Powerful Circle Time Ideas for Fun and Interactive Sessions

Encouraging fun and engagement with circle time

Powerful Circle Time Ideas for Fun and Interactive Sessions

circle time

Building strong bonds with preschool children is gradual, especially during their first days at school. They’re not fully adjusted to the new school environment, and their social and communication skills are beginning to develop

You can help bridge the gap with interactive, engaging activities like circle time. Circle time encourages cooperative learning in a group setting and could inspire the children to build deeper relationships with each other. 

But before we dig deeper into this subject, let’s first understand what circle time is.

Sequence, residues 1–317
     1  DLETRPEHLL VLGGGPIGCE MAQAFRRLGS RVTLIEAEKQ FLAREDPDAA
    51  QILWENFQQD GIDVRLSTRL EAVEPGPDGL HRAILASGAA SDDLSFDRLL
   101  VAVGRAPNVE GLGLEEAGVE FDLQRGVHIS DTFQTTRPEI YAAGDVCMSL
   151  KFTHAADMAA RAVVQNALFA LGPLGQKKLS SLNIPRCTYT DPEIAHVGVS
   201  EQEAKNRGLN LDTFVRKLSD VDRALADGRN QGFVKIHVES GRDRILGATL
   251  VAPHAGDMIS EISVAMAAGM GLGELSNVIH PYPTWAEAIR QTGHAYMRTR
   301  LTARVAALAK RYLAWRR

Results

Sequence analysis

What is circle time?

Circle time is a short activity that helps you develop positive relationships with preschoolers. Start circle time by instructing your class to assemble in a circle in a designated area in the classroom. This area can be near the whiteboard, in the class library, on a special rug, or anywhere that makes the most sense to you. 

As the teacher, sit in a circle with the children. The children will feel comfortable sharing with you and each other if you’re present with them. 

Encourage the class to sing a welcome song in the morning to make them comfortable and ready to start a new day. You may also sing a goodbye song or read an exciting story before they leave for home.

preschool circle timeSource

What is the key purpose of preschool circle time?

The circle is meant to encourage collaboration, unity, and respect while allowing the children to work towards a common goal or vision. For example, you may use circle time to review the day's schedule or reflect on their activities at the end of the day.